Instead of apportioning training time overloading muscles for the sake of overloading them, and hopefully forestalling the trigger point where they are overloaded – instead if training in a state of continual fatigue for the sake of increasing a gas tank by a few gallons, instead of beating the body down purposefully, for the sake of being beat down – why not figure out a way to slow down the rate at which the fuel is burned?
Instead of going through all the hell and torture of increasing a 15-gallon fuel tank to 17-gallons, figure out a way to burn through 15-gallons slower. Any fulltime MMA fighter is going to have a great gas tank - or they would not be at this level. Rather than devote training time to beating the athlete down, rely on fighter drills and skills to improve cardio capacity. The real gains are derived from determining ways to slow down the rate of energy expenditure.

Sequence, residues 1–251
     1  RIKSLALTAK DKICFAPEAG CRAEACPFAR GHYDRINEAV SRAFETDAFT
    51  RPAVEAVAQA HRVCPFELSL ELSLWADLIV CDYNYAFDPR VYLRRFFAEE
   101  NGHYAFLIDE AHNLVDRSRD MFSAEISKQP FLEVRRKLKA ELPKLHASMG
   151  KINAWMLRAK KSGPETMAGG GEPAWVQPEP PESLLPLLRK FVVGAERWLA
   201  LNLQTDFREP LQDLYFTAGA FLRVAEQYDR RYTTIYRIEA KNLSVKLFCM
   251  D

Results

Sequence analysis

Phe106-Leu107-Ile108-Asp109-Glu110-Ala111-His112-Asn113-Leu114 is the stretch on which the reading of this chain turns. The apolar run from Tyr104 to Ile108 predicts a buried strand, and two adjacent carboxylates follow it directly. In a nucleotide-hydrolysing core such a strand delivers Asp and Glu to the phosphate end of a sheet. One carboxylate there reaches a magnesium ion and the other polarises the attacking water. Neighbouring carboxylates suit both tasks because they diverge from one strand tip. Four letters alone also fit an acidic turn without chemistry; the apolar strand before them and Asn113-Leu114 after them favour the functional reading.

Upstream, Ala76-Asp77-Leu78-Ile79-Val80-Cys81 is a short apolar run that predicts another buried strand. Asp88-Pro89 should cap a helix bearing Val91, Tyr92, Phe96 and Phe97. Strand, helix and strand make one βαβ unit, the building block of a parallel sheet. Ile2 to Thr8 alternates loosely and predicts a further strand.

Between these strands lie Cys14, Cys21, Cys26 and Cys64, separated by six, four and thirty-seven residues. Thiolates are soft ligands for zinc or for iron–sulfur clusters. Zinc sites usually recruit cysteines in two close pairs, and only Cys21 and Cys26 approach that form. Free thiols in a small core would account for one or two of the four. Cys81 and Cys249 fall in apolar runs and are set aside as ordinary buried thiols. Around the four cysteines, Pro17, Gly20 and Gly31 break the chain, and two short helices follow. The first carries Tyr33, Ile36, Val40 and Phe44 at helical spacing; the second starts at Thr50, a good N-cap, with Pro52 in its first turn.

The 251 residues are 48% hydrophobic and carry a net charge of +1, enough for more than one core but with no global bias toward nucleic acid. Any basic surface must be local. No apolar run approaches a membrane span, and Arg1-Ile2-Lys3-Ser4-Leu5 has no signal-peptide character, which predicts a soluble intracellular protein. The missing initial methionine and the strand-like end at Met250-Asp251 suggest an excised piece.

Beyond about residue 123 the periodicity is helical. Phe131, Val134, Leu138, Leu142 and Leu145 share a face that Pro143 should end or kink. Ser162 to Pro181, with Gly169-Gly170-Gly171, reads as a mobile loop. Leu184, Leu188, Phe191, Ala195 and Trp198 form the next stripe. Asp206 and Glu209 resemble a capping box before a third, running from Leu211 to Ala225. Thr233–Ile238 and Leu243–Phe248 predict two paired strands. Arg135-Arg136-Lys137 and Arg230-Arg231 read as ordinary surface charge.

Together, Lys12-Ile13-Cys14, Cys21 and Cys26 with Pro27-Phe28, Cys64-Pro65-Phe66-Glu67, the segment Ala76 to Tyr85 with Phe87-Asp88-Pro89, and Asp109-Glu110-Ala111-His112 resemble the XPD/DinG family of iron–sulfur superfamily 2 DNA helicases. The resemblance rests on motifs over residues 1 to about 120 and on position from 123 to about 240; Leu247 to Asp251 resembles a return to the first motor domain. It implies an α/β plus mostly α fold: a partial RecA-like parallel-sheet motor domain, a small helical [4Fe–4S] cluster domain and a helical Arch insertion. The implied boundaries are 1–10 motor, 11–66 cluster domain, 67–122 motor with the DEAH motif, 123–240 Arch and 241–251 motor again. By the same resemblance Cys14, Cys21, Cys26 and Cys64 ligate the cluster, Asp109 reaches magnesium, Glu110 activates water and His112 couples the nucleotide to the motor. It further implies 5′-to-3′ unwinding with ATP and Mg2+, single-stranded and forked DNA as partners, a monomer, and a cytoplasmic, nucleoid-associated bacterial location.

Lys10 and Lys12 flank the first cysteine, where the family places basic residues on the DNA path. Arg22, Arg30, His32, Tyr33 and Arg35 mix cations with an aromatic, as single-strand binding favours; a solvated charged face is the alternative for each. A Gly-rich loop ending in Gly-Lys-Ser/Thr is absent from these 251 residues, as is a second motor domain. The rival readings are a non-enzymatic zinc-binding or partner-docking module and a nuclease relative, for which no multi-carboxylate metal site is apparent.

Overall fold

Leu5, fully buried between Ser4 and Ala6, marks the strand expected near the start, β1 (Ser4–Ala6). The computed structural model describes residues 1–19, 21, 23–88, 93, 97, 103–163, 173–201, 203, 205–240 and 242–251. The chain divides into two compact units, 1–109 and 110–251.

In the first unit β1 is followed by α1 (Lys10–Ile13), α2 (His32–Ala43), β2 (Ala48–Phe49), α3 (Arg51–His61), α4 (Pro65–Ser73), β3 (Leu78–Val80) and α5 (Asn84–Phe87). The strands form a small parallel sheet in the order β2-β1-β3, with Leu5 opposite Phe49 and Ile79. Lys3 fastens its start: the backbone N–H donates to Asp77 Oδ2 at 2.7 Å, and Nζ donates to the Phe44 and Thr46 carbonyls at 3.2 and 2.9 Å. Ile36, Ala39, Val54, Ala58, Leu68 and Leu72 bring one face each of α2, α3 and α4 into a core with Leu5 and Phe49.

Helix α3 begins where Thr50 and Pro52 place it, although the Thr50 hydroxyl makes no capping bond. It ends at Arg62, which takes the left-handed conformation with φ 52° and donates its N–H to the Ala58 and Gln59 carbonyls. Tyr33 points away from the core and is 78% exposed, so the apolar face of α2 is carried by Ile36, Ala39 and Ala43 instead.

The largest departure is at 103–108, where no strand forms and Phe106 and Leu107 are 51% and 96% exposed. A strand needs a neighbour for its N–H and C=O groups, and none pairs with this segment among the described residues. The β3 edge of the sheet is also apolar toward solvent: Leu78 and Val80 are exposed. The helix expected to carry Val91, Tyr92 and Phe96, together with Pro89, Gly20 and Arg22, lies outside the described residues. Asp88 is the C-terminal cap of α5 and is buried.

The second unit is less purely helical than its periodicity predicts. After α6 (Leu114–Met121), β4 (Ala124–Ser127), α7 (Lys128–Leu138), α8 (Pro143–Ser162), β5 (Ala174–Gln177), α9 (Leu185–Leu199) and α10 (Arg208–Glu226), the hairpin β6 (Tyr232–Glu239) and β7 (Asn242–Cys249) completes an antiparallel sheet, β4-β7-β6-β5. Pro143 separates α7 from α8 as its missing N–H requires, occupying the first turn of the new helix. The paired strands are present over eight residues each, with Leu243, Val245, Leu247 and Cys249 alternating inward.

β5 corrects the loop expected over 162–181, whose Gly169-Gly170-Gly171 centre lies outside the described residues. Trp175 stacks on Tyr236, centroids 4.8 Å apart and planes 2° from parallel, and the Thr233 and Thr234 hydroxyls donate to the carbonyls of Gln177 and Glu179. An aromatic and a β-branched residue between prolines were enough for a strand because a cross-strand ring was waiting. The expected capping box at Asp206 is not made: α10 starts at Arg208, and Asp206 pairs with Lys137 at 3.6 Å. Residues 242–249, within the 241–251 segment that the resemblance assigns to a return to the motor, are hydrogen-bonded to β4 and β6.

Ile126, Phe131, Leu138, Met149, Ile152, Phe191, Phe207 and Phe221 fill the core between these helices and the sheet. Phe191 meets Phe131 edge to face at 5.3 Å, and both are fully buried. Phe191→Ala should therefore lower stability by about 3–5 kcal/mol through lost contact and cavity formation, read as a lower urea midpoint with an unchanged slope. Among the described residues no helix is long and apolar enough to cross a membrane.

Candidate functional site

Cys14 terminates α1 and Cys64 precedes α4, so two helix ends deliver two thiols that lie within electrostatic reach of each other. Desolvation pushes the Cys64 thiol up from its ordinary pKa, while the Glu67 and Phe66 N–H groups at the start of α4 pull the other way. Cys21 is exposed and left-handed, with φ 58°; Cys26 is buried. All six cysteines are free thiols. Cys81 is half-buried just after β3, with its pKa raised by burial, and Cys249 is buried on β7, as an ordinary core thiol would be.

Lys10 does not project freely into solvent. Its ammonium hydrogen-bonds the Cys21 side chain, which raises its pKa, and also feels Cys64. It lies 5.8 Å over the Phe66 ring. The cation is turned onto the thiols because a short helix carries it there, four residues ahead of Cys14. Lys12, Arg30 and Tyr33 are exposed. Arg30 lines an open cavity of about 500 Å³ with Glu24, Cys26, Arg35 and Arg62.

About the Author
As an athlete Marty Gallagher is a national and world champion in Olympic lifting and powerlifting. He was a world champion team coach in 1991 and coached Black's Gym to five national team titles. He's also coached some of the strongest men on the planet including Kirk Karwoski when he completed his world record 1,003 lb. squat. Today he teaches the US Secret Service and Tier 1 Spec Ops on how to maximize their strength in minimal time. As a writer since 1978 he’s written for Powerlifting USA, Milo, Flex Magazine, Muscle & Fitness, Prime Fitness, Washington Post, Dragon Door and now IRON COMPANY. He’s also the author of multiple books including Purposeful Primitive, Strong Medicine, Ed Coan’s book “Coan, The Man, the Myth, the Method" and numerous others. Read the Marty Gallagher biography here.